4 Takeaways from the HCCA 2017 Compliance Institute

Senior Director of Marketing

Last week, the 21st Health Care Compliance Association (HCCA) Compliance Institute was held in National Harbor, Maryland. Adjacent to our nation’s capital, Washington, D.C., National Harbor was the perfect location to hear from regulators such as the Office of Inspector General (OIG) and its various departments. Besides learning about the latest regulatory developments, the HCCA Compliance Institute is also a great opportunity to learn about compliance best practices and gather inspiration to strengthen your organization’s compliance program.

As the healthcare landscape adapts under a new administration, the following represent my top takeaways from HCCA’s 2017 Compliance Institute.

The OIG’s Lesson on Making Compliance Human and Using Technology

This year, Inspector General Daniel R. Levinson from the OIG discussed how healthcare compliance officers should focus on telling the compliance story horizontally across their organization. “A lot of it has to do with building the human factor,” he addressed attendees during his opening keynote. Corporate culture is an important factor for any organization’s success, with most executives ranking it as one of the top contributors to a firm’s productivity, profitability, innovation, and creativity. Having the right culture can make a big impact when it comes to your organization’s compliance program.

Although the OIG spoke about the importance of making compliance more human, Inspector Levinson also addressed the significance of technology. Technology is powerful because it can help us observe, measure, and assess our progress which can in turn affect behavior and results. “A fitness tracker is an example of technology that can use data to change behavior and motivate,” he explained. Consider how your organization can use technology to maximize the same factors that are impacted by a strong company culture. Together, culture and technology can pave the way for a successful compliance program at your organization.

Becoming a Highly Effective Compliance Officer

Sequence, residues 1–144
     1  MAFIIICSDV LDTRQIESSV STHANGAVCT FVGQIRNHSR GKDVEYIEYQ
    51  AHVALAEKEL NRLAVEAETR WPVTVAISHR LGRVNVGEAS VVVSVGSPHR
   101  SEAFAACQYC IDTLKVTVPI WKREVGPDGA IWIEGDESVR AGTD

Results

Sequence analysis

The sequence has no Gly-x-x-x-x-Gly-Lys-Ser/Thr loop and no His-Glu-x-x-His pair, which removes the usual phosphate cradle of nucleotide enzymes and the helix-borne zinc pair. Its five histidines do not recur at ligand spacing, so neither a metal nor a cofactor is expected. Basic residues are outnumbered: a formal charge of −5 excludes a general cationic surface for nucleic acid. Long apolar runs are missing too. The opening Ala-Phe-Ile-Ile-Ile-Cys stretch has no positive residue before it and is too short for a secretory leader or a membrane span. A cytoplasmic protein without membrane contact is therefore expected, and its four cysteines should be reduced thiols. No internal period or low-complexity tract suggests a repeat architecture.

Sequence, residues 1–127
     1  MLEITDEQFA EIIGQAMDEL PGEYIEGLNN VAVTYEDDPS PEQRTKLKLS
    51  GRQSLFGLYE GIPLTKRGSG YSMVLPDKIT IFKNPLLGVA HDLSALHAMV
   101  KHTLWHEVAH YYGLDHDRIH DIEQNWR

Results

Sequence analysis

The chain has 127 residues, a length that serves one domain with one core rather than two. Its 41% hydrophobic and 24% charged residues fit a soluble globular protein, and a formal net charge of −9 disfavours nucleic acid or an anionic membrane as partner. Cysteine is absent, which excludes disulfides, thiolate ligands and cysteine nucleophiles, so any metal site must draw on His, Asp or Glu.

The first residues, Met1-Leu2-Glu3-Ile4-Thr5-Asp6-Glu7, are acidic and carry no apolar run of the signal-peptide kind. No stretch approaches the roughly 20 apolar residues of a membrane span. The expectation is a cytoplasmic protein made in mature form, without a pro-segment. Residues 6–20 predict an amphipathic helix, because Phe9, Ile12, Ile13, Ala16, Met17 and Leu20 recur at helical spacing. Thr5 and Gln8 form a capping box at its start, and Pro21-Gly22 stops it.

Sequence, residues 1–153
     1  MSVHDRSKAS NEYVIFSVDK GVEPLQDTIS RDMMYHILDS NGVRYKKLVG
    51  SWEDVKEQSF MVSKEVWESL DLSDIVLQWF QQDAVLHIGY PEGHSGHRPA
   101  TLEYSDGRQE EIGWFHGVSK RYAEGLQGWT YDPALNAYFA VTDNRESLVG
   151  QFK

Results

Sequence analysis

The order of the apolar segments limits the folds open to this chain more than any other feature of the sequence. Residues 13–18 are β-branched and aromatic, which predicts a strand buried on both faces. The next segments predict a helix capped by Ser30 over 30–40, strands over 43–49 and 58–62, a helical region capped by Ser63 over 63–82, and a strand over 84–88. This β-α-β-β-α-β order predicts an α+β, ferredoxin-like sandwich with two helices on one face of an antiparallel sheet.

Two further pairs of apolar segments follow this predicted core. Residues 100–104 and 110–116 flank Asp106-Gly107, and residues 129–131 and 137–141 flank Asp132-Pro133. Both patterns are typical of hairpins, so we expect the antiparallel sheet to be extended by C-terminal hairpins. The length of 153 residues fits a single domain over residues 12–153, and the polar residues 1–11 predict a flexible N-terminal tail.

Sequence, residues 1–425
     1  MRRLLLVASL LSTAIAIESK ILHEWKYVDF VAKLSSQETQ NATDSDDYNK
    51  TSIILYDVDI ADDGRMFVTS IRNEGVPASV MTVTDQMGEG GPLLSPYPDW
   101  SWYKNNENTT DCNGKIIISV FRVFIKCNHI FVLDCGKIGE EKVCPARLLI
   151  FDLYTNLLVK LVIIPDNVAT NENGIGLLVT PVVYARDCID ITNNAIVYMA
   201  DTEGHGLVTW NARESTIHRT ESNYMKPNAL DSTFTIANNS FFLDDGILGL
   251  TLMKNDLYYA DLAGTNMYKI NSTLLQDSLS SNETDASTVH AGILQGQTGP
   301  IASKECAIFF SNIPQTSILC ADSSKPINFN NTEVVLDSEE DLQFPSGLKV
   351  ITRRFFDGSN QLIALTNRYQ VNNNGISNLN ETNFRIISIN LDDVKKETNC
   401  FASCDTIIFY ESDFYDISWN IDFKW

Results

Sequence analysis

Kristy Grant-Hart, Owner at Spark Compliance Consulting, offered attendees an important lesson on how to become more effective compliance leaders. “You can affect much more people when you care about what you are doing,” she explained. “When you are excited about what you do, you become magnetic.” As leaders, we sometimes have to play the role of the cheerleader in motivating our teams to accomplish our goals.

When it comes to motivating people, Grant-Hart shared four primary motivators that compliance officers can use to motivate different people. Consider the following motivators:

  1. Fear for Self: People don’t want bad things to happen to them. Most people are moved emotionally by stories about people like themselves.
  2. Fear for the Business: People are afraid of the business having a bad reputation. This is similar to the fear for self and can be highly effective for addressing risk mitigation.
  3. Noble Cause: People are motivated by a bigger purpose. Some companies can attract more noble cause people. This motivator means they are emotionally buying in.
  4. Competitive Edge: People want to win and succeed. If you can show them how compliance can help the business, you can convince them you can help them to win.

By using the four motivators appropriately, healthcare compliance officers can drive organizational compliance more effectively.

5 Risk Mitigation Lessons from the Space Shuttle Program